Monthly Archives: March 2011

The stuff of nightmares

A few weeks (or was it months?) ago, I published a list of what I consider to be the best HuCard cover art created during the PC Engine’s lifetime. Well, today I’m posting a list of what I consider to be the worst HuCard cover art conceived during those years.

Drop Rock Hora Hora (Data East, 1990)–This piece of cover art almost crosses the line from horrible to “so horrible it’s kind of good.” The key word in that sentence being almost. So, what keeps it from crossing that line? Well, that oh-so-80s sweatshirt worn by the boy in the lower-right corner is one reason; the rather comical expression on the monster behind him is another. I can’t quite decide, though, if the “evil fruit” floating along the left side of the image are further examples of the hideousness of this piece of art (yes, I’m using that word loosely in this case) or if they raise it a few notches on the attractiveness scale.

Kick Ball (NCS, 1990)–Full disclosure: Although a large part of me considers this particular piece of cover art to be nightmare-inducing, a small part considers it to be rather nice–in a “colorfully over-the-top” way, of course. Anyway, I don’t know if the former reaction is due to the overall shininess of the illustration–everyone and everything in the image looks like its been buffed and waxed–or if it’s due to the Mike Haggar look-a-like striking a pose front and center. Oh, who am I kidding? Mr. Haggar’s definitely the main reason this cover art leans heavily toward “scary as all hell” territory.

Puzzle Boy (Renovation, 1991)–There is one reason, and one reason only, I consider this piece of cover art to be nightmarish: The smile plastered on the face of that potato-like creature in the foreground! It reminds me of a similarly freaky smile I once saw in an episode of The Twilight Zone. Curiously, the other (seemingly evil) vegetables featured in this illustration have much less horrifying expressions on their faces. Shouldn’t it be the other way around?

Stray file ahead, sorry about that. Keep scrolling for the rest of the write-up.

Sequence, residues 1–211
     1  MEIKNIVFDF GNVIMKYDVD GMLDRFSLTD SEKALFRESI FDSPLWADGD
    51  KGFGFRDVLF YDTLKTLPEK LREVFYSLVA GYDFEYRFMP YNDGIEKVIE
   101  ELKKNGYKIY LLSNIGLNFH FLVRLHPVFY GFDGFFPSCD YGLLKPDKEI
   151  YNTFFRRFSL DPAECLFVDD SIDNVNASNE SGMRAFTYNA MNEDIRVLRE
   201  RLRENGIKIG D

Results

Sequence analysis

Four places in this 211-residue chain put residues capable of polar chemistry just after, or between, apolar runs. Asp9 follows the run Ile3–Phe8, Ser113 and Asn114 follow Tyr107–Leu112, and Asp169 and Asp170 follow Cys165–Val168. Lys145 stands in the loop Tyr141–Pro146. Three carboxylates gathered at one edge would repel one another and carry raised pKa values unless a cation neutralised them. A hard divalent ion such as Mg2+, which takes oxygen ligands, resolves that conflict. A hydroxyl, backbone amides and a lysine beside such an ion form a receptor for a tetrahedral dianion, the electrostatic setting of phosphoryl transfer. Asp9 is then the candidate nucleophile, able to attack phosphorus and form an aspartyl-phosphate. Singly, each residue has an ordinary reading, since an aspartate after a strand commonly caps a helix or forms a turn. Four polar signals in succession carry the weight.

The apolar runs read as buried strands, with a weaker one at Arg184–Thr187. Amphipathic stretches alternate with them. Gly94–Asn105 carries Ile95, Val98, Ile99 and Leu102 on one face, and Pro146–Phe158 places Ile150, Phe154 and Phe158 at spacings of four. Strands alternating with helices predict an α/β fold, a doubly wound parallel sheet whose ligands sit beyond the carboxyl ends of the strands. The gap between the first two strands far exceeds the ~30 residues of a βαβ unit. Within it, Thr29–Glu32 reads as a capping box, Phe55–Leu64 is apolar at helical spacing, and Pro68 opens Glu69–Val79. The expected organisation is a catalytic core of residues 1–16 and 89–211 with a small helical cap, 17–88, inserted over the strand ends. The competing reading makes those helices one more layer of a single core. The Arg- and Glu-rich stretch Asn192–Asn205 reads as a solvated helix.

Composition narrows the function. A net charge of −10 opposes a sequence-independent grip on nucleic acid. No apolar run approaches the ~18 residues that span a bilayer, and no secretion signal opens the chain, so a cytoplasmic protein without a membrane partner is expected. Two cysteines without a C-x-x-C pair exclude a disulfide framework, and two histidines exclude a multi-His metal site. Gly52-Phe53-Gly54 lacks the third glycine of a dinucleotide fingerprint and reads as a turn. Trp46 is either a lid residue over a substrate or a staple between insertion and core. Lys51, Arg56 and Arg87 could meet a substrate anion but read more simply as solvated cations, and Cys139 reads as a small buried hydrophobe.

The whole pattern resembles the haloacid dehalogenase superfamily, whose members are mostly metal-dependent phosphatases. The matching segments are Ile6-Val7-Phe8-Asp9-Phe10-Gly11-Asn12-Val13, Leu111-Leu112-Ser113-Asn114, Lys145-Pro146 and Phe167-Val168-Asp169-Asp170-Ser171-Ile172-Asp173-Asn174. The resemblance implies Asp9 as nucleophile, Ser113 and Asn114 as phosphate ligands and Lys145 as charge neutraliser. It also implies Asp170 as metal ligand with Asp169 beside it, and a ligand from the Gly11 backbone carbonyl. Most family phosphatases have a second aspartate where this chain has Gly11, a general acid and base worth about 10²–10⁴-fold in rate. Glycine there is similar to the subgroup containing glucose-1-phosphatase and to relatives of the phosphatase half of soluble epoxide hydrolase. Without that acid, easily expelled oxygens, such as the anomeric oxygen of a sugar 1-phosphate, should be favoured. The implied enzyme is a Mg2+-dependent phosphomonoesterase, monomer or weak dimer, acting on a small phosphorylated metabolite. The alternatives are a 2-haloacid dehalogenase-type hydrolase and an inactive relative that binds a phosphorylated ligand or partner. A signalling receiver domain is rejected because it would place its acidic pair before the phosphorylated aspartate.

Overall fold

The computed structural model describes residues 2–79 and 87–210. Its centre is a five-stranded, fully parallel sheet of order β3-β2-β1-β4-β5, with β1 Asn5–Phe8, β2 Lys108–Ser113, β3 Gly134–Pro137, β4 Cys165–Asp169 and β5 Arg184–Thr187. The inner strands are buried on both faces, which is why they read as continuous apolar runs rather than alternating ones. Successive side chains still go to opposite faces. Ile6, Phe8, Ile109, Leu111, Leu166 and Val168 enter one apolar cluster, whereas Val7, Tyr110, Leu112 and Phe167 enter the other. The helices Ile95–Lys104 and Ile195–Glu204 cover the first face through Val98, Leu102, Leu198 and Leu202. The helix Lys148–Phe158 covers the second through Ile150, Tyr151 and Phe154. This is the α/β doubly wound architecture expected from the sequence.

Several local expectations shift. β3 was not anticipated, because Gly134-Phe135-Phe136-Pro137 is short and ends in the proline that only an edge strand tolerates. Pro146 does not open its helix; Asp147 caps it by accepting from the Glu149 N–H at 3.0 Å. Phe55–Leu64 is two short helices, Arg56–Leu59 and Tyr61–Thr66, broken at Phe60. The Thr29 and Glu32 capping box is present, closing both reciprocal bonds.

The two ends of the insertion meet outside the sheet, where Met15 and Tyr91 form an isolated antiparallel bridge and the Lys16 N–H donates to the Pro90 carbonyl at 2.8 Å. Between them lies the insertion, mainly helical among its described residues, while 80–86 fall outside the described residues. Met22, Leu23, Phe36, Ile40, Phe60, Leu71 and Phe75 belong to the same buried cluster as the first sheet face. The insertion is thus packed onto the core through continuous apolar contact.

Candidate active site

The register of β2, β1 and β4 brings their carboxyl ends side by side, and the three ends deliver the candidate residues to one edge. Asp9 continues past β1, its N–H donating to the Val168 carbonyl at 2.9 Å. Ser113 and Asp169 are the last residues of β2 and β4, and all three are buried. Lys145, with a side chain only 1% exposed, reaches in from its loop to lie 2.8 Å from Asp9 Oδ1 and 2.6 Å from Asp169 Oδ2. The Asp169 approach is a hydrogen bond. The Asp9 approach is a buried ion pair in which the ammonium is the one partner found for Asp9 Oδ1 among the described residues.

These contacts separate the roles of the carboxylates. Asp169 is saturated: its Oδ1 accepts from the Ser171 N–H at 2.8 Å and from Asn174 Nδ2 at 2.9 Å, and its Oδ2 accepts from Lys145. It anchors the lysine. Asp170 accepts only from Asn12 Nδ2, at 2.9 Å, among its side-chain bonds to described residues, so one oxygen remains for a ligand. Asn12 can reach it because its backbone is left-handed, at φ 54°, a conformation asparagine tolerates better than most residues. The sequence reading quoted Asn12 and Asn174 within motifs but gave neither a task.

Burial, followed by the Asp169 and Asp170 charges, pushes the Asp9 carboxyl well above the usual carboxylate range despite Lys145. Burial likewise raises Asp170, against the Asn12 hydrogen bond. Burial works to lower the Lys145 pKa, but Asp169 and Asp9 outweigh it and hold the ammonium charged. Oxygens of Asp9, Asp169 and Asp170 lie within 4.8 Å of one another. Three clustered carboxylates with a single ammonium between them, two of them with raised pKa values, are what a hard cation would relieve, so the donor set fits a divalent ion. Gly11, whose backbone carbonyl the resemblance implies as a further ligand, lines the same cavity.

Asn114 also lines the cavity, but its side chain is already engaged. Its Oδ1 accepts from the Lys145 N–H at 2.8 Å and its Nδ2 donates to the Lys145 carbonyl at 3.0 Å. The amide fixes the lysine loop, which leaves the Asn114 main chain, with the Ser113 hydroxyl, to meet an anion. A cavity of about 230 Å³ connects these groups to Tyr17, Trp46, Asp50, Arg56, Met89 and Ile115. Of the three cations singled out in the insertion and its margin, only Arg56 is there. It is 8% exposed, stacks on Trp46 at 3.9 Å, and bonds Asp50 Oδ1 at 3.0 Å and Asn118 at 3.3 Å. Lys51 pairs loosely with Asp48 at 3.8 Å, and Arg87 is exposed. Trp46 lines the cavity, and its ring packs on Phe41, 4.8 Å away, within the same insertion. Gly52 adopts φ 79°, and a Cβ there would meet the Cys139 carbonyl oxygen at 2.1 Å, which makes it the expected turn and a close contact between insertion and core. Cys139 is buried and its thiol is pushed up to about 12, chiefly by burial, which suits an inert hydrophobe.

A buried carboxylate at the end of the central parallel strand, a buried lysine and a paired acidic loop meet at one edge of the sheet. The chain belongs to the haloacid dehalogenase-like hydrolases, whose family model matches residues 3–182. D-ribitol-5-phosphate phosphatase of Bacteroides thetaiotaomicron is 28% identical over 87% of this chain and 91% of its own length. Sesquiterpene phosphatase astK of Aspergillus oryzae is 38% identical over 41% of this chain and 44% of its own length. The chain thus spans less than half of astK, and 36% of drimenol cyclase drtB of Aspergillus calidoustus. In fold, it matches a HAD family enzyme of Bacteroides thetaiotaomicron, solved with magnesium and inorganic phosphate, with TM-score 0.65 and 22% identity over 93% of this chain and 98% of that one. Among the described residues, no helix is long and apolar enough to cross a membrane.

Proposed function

Rock On (Big Club, 1989)–This design was created by a middle-schooler using MS Paint, wasn’t it? That’s the only explanation I can come up with for it. OK, so most middle-schoolers wouldn’t have the skills to draw the dragon-like creature in the upper-left corner (or the anime reject in the lower-right corner), but I’ll bet a good number of them would be able to copy and paste those drawings into a Paint document and create something similar to what the designers at Big Club produced for this piece of cover art.

Ryukyu (Face, 1990)–Almost everybody likes a little ass now and then, but few people like that ass to be covered in the bikini equivalent of “granny panties.” The only thing missing from this piece of cover art, in my oh-so-humble opinion, is a field of cellulite. Or maybe some razor burn. Of course, I’m gay, so what do I know? Maybe straight guys really dig the cover art above?

Honorable mention: Devil Crash, Hatris, Shada and Sindibad.


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PCE Review #4: Obocchama Kun

Game: Obocchama Kun
Genre: Platformer
Developer: Pack-in Video
Publisher: Namcot
Format: HuCard
Release date: 1991

My first reaction upon playing this bizarre, Namcot-published platformer was, “Oh, hell no.” For starters, it’s kind of ugly. Not Superman 64 ugly, mind you, but it’s definitely uglier than your typical 16-bit game. That’s due, in large part, to the game’s homely protagonist–who bears a striking resemblance to Eddie Munster–as well as its garish use of color. The thing is, after a while you get over the hideousness of it all (or at least I did) and that’s when you realize that this Pack-in Video-developed title’s actually pretty fun. Even better, it’s interesting. It certainly isn’t the kind of me-too, mascot-centric platformer that clogged store shelves–and brought the genre to its knees–back in the 1990s. That’s evident from the start of the very first level, when a seizure-inducing scene introduces each of the stage’s featured enemies. Also setting this game apart from the platforming pack: The heavily browed Obocchama Kun doesn’t just grab power-ups like the protagonists in other, more predictable examples of the genre; rather, he beckons them by jumping onto what looks like a giant turtle shell and striking a decidedly Elvis-esque pose. Sometimes those poses produce power-ups and sometimes they summon allies–such as a blue-coifed bodybuilder, a crying teen who throws what appears to be hairbrushes and a helicopter-piloting Russian–that assist you through the stage at hand. Obocchama Kun‘s bosses–including what can only be called a chicken choker–are a similarly eccentric bunch. The game’s sometimes-slippery controls can make those encounters–and the stages that lead up to them–a bit more challenging than they would be otherwise, but even that quibble doesn’t keep it from being an enjoyably odd experience.

See also: Previous PCE Reviews

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